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Responsive design and server-side code

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This post has been completely re-written to describe a better way of making server-side code responsive. Instead of posting the variable through Ajax, it uses GET to load a fully-responsive page. A few code tweaks make the technique both user- and search-engine friendly.

Update 2: In screensize.php, changed window.location.href = $sizeurl; to window.location.replace($sizeurl); to fix back-button issue in IE.


Responsive design — where the display of a web page responds to the size of the screen or browser window being used to view it — is awesome. It lets designers adjust the display of their website so it’s appropriate to the context, without having to maintain multiple versions of the site or design for specific devices.

But responsive design has one major drawback. Because it’s all done with client-side code (CSS, Javascript), it merely shows or hides content based on screen size. It does very little to reduce the amount of data actually being downloaded.

Put another way, responsive design changes the presentation of the data, but not the data itself.

What I’m going to show you in this post is a way to make your server-side code responsive, so that your website only serves the data that is actually needed for the user’s screen size.

The reason responsive design is done client-side is because server-side scripts have no way of detecting the user’s browser window size. A browser’s HTTP request doesn’t contain that information, and since server-side scripts don’t operate on the client’s machine, they can’t go and measure it for themselves. The two methods for detecting window size — javascript and CSS media queries — are both client-side methods.

What we’re going to do is use a very lightweight javascript to detect the screen size and load the page with the screen-size passed as a GET variable. Then we’ll throw in some instructions to search-engine crawlers to make the site SEO-friendly.

Details are below, using PHP and jQuery. You can see the demo here.


The first thing we’ll build is this file, which will be included at the top of every page of the site. It’s the code snippet that detects the screen size. We’ll discuss it below the code.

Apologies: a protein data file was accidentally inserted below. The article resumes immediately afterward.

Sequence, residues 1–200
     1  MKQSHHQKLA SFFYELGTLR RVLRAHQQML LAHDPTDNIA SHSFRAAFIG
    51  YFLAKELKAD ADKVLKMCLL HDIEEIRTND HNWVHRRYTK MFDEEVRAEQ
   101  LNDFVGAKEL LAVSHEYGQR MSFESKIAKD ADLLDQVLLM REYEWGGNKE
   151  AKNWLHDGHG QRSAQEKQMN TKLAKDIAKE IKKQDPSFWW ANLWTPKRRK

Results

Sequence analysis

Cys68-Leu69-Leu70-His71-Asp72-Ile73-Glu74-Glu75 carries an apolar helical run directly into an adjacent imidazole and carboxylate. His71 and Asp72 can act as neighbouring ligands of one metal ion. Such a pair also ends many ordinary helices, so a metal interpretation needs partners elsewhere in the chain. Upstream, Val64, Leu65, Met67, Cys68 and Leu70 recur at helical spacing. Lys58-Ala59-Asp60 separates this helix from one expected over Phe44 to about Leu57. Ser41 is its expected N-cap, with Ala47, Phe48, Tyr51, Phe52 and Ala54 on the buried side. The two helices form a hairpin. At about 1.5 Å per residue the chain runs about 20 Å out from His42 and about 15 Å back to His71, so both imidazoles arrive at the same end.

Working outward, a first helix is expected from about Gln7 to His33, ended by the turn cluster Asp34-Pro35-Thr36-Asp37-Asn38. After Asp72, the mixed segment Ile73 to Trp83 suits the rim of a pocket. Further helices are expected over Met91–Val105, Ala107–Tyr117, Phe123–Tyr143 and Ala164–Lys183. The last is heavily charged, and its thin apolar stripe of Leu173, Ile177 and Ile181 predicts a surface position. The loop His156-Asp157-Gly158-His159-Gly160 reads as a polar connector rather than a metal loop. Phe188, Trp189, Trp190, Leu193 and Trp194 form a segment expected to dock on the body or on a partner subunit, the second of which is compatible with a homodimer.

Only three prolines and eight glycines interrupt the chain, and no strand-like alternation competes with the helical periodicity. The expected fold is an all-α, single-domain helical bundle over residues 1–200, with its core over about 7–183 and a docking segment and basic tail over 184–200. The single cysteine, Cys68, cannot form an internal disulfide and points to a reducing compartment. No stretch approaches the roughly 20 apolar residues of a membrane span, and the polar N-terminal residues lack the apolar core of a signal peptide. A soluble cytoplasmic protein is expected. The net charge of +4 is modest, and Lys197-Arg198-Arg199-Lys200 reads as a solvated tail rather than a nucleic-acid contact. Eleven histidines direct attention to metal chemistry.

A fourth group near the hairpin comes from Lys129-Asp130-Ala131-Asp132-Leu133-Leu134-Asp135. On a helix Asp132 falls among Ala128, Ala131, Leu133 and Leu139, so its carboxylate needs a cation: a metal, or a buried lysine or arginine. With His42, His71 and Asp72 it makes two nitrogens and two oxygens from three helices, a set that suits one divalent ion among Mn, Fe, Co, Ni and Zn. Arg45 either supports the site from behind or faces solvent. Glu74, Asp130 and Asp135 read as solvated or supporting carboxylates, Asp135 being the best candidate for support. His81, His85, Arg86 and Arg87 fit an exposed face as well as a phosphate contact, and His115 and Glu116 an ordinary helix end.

//Get size of screen
$size = $_GET['s'];
$size = empty($size) ? 800 : $size;
//Get page URL and strip off existing variables
$url = explode('?', $url);
$url = $url[0];


<!DOCTYPE html PUBLIC "-//W3C//DTD XHTML 1.0 Transitional//EN" "http://www.w3.org/TR/xhtml1/DTD/xhtml1-transitional.dtd">
<html xmlns="http://www.w3.org/1999/xhtml">

<meta http-equiv="Content-Type" content="text/html; charset=utf-8" />

<script src="https://ajax.googleapis.com/ajax/libs/jquery/1.7.2/jquery.min.js" type="text/javascript"></script>

<script type="text/javascript">
         $size = $(window).width();
        if($size != '<?php echo $size; ?>') {
            $sizeurl = '<?php echo $url; ?>?s=' + $size;

This file contains the opening code (doctype, html) for all pages. But before any of that we have set PHP to do two things:

  1. listen for a GET variable named $size;
  2. if $size doesn’t exist, assign it a default value of 800 pixels. This makes the page friendly to search-engine crawlers, which don’t use javascript: any visitor with javascript disabled will see the 800-pixel version of the page.
  3. Calculate the current full URL minus any attached variables. This will be used for loading the responsive page.

Take a closer look at the Javascript. It does two things:

  1. Detects the width of the browser window;
  2. if the detected size is different from the currently recorded size, it takes the current page URL and adds a size variable, then reloads the page using the new URL.

The result is a URL that looks something like this:


That lets your PHP script build the page knowing that the browser window is 1311 pixels wide. The “if” statement in the javascript can detect differences between the claimed width and the actual width, so that if a user follows the above link but has a browser window that is only 650 pixels wide, they will be served a version suitable for 650 pixels.


<?php include('screensize.php'); ?>

<title>Steven Ray: Server-side responsive design</title>

<link rel="canonical" href="http://<?php echo $url; ?>?s=800"/>